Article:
to retain the “magic crystal of inspiration”.


 If he always recognized the values of local lore and national 

identity, he also sought a superior force which could eclipse the minutiae of everyday life and if he could 

never acquiesce to a single doctrine, Christian, Muslim or Communist, he did distinguish and invoke a 

transcending power, i.e. music, and many of his compositions aspire towards a musical condition. While 

Volkov understood the Symbolists’ appeal to music as the highest order and as an instrument for spiritual 

release, he seems to have been drawn to music or to what Valerii Volkov calls “resonance”


 more as 

sensatory indulgence in melody, harmony, rhythm, interval and orchestration than as a medium for 

touching the beyond. Unlike Kandinsky, Volkov did not talk about the “inner sound” of the work of 

painting and unlike Skriabin he did not equate certain sounds with certain colors.  



 I. Ustimenko: ”Uvidet’ i poniat’” in Komsomolets Uzbekistana, Tashkent, 1986, 14 November. 


 V. Volkov: “Shkola Volkova” in Dekorativnoe iskusstvo, M, 2004, special issue dedicated to the 250



Anniversary of the Russian Academy of Arts, p. 86. 


On the other hand, Volkov delighted in melody or rhythm, applying the notion of musical 

sequentiality – what Aleksei Sidorov called the “rhythm of colors”


 – not only to his early Caravan series, 

but also to his Soviet epics such as Blazing a New Road (1932, Savitsky Art Gallery, Nukus) and Brigade 

Entering the Field  (1933, Savitsky Art Gallery, Nukus). Here is the rhythm of process and procession, the 

Eternal Return which he describes just as graphically in his poetical cycles - as Melitsa Zemskaia affirmed 

in her discussion of the camel pictures, a basic function was to “expose the image of movement and the 

passing of time”.


 Volkov’s many portraits of Uzbek musicians with their trumpets, drums and zithers 

perpetuate this rhythmicality, especially when we recall that traditional Uzbek music relies upon monody 

and monotone for its often hypnotic effect.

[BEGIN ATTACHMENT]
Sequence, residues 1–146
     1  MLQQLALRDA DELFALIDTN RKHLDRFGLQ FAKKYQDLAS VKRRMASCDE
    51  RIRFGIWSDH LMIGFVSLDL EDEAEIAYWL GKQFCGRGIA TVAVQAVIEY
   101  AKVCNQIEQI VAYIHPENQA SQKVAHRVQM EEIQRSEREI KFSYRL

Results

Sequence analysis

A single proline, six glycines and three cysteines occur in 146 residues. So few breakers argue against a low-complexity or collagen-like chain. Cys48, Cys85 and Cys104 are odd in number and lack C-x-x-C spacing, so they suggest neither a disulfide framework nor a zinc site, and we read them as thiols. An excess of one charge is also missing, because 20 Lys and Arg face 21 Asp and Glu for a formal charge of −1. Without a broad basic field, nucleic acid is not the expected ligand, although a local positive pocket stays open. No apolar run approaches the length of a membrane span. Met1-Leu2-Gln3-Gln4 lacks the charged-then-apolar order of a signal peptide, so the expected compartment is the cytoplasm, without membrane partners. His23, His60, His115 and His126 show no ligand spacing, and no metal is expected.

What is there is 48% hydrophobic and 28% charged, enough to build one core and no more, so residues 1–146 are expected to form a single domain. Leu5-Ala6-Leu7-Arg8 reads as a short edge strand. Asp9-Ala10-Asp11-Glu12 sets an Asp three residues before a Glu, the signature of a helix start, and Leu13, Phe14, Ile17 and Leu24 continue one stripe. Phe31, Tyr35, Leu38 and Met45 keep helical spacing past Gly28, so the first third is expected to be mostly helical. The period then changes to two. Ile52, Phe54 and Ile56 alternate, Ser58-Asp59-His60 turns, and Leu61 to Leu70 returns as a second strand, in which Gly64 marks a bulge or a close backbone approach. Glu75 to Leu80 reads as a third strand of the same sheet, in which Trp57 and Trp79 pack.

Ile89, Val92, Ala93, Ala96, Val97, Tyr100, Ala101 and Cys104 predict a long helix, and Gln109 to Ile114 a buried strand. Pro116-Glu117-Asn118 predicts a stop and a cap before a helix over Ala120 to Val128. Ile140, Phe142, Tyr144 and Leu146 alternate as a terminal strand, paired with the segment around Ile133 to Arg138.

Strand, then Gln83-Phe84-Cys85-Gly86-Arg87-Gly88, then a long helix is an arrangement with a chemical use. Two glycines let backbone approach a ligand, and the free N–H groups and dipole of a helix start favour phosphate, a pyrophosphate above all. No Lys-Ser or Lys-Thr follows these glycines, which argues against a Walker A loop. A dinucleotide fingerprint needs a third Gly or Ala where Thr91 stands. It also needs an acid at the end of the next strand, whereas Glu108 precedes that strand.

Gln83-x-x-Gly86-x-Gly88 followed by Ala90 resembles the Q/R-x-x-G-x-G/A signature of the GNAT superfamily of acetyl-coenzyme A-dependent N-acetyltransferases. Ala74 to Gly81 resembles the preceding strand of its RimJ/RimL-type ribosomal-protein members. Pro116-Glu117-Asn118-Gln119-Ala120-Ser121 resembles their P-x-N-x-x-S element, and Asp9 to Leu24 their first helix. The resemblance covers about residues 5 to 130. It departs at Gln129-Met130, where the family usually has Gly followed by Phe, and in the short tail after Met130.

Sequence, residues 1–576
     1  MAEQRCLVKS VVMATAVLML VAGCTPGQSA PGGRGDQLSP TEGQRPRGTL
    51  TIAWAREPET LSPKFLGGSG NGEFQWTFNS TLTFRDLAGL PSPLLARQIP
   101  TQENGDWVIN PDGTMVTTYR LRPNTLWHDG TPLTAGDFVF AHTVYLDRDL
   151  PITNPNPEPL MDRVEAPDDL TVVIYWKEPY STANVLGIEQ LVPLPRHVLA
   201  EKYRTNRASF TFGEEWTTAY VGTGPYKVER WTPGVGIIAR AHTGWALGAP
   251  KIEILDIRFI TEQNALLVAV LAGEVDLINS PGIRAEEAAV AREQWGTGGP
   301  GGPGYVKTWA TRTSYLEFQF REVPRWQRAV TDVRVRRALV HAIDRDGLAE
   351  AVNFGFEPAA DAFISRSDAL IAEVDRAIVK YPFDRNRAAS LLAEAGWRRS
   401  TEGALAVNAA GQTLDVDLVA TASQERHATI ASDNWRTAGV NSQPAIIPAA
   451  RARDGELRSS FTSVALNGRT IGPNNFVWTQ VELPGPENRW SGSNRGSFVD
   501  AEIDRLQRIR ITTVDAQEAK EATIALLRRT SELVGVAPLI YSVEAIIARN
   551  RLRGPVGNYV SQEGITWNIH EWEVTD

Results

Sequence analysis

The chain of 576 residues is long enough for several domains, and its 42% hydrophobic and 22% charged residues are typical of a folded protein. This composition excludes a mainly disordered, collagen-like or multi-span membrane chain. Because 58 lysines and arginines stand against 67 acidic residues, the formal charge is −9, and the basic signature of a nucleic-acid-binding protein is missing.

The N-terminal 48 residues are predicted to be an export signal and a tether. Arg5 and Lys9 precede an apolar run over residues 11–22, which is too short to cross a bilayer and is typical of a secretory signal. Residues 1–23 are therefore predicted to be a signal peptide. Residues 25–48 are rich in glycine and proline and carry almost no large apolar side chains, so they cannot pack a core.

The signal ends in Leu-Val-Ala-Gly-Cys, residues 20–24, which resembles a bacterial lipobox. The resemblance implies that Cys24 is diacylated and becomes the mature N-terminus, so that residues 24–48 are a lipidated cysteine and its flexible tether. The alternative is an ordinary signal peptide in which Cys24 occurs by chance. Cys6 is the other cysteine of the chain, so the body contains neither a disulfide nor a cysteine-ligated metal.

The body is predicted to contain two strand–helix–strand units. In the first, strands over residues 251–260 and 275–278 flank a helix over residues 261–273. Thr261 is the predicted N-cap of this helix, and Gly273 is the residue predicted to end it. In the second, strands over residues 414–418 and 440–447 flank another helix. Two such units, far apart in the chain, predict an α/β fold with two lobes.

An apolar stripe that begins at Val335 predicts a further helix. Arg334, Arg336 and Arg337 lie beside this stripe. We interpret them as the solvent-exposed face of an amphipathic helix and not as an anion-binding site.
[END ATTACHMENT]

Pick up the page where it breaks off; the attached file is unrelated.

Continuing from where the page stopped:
In the 1930s and 1940s Volkov directed particular attention to the agricultural and industrial 

reforms of Uzbekistan, as the program of collectivization, in particular, took rapid effect, transforming the 

landscape and its settlements. Whether illusory or not, Volkov depicted the enthusiasm of a populus in 

search of a new self-determination as it adapted to the pressures of Soviet reality. Volkov’s numerous 

interpretations of farming (gathering tomatoes, picking cotton) are gestures to this desired condition of the 

efficient workforce, industrial synchrony and streamlined production.  


But, as in the case of other Soviet artists of the 1930s-50s, not least Kuznetsov and Sar’ian, 

Volkov did not cease to acknowledge his other, more lyrical, artistic persona, at once less manifest and 

more meditative, in paintings which yielded the ordained repertoire of Socialist Realism to another, more 

private code. During the 1940s, in particular, Volkov was drawn to the “neutral” landscape, i.e. to the 

landscape as a musical score, melodic and mellifluous, devoid of political engagement and societal 

relevance. In these scenes of desert, fields and mountains, with their stark formal contrasts and prismatic 

light, Volkov found a subtlety of tone, a serenity and a magic silence which contrasted so forcefully with 

the louder hymns to Soviet labor. Some of these evocations of natural beauty even contain the mauve, 

carmine and violet of the very early works, eliciting the crepuscular tones of the Symbolist vision. 



 Sidorov, “Novye khudozhestvennye vystavki” in Pravda, M, 1923, 17 November. Quoted in Taktash, 

Aleksandr Volkov, p. 10. 


 Zemskaia, Aleksandr Volkov, p. 86.  


 See N. Chakhvadze: “Russkii khudozhnik v inonatsiol’noi srede (zhivopis’ A.N. Volkova i vostochnaia 

monodiia)” in Vestnik Magnitogorskoi gosudarstvennoi konservatorii, Magnitogorsk, 2001, No. 2, pp. 5-



To some extent, Volkov’s pantheistic escape is paralleled by his  repeated sallies into the genre of 

portraiture, especially in the 1940s and 1950s. Whether highly politicized such as the Lenin series or deeply 

contemplative such as the interpretation of Vrubel’, the portrait assumed an ever stronger role in Volkov’s